Date of Award


Degree Type

Internship Practicum Report

Degree Name

Master of Science

Field of Study



Graduate School of Biomedical Sciences

First Advisor

Nathalie Sumien

Second Advisor

Eric B. Gonzales

Third Advisor

Michael B. Gatch


The objective of this study was to evaluate creatine as an anti-nociceptive compound in an animal model of thermal and inflammatory pain. Creatine has the structural potential to interact with acid-sensing ion channel 3 (ASIC3), which have been involved in pain sensation modulation. Our hypothesis was that creatine will interact with ASIC3 leading to decreased nociception. Male and female C57BL/6J mice were supplemented with creatine (6.25g/kg diet) and tested for thermal hyperalgesia and inflammatory pain response. The latency to withdraw the tail during the thermal hyperalgesia test was unaffected by sex or diet. For the formalin test, males and females responded differently to the stimulus, and the female mice supplemented with creatine seemed to recover faster than the controls. These preliminary data suggest a potential effect of creatine and sex on inflammation-based nociception and can be used as a stepping stone for the development of ASIC-based therapeutics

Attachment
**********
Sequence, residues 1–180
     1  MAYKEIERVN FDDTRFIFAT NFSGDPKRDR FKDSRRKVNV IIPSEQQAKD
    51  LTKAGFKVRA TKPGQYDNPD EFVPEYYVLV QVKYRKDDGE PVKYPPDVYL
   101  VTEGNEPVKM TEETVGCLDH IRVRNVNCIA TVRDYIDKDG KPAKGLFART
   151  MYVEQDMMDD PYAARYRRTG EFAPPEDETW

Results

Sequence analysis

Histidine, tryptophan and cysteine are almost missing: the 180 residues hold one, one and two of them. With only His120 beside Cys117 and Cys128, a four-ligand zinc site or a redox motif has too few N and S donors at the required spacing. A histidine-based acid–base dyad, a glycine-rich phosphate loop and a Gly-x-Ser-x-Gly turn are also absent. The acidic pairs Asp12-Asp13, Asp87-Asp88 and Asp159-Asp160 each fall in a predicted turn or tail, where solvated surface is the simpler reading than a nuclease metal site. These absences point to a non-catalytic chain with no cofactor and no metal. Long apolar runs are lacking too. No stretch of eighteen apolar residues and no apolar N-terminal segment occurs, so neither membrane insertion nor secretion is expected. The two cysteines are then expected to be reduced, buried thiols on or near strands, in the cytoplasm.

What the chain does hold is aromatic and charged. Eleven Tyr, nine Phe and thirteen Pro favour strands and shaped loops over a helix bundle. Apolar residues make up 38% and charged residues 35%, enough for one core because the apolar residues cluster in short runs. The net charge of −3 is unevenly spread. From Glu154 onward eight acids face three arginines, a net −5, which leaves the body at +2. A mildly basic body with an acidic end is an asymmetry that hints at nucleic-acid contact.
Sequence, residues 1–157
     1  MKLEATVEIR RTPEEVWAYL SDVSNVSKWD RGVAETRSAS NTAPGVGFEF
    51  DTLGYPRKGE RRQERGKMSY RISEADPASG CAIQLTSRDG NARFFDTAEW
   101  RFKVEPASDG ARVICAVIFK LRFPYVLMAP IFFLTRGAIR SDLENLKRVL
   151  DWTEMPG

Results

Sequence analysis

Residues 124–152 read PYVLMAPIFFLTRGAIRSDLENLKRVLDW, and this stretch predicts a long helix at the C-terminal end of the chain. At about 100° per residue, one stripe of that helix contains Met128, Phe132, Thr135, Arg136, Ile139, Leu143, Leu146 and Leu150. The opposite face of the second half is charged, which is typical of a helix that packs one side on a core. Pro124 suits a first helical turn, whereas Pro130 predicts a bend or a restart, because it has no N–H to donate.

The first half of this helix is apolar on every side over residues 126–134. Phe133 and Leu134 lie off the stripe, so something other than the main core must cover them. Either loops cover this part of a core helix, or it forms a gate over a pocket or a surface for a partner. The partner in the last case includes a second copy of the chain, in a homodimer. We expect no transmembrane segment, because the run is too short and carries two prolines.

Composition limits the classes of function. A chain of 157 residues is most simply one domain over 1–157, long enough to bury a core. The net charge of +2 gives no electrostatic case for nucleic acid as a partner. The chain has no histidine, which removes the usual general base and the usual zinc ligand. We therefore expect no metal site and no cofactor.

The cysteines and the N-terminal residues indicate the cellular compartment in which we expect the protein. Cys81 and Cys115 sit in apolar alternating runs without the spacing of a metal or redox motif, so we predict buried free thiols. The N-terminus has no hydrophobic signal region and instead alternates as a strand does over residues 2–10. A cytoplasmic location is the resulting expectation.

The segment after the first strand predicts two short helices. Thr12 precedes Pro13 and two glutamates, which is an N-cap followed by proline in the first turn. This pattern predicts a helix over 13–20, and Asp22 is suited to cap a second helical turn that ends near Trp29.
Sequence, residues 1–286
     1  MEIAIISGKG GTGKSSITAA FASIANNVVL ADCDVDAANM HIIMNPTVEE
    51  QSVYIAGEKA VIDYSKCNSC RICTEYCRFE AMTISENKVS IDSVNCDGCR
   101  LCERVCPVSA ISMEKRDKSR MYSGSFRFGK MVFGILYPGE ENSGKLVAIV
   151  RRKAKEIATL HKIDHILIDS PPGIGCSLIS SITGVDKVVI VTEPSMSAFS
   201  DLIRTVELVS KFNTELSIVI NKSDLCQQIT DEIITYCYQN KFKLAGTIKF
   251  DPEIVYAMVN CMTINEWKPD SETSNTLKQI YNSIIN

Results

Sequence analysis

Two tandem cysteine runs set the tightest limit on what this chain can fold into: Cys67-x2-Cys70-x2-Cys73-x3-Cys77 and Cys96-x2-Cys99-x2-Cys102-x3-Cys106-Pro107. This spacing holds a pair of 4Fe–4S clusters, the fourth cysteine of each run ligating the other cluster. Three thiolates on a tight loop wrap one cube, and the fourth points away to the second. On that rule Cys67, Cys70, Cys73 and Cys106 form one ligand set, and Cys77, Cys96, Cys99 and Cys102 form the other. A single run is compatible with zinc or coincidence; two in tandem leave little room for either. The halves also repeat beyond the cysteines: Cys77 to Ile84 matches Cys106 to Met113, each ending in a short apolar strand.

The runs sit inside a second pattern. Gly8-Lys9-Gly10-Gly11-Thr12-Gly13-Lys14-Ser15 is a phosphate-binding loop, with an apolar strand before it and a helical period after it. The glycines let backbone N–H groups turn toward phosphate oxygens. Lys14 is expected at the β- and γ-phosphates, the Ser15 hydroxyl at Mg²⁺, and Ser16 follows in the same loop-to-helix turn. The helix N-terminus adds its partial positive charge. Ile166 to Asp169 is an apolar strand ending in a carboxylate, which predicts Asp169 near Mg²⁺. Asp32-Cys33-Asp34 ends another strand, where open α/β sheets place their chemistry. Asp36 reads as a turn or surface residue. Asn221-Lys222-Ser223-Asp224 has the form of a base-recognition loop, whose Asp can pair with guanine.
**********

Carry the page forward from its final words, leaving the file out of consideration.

Izurieta Munoz, Haydee S., Effect of creatine on nociception in a mouse model of inflammatory pain. Master of Science (Biotechnology), May, 2015, 80 pp., 1 table, 3 illustrations, bibliography, 40 titles.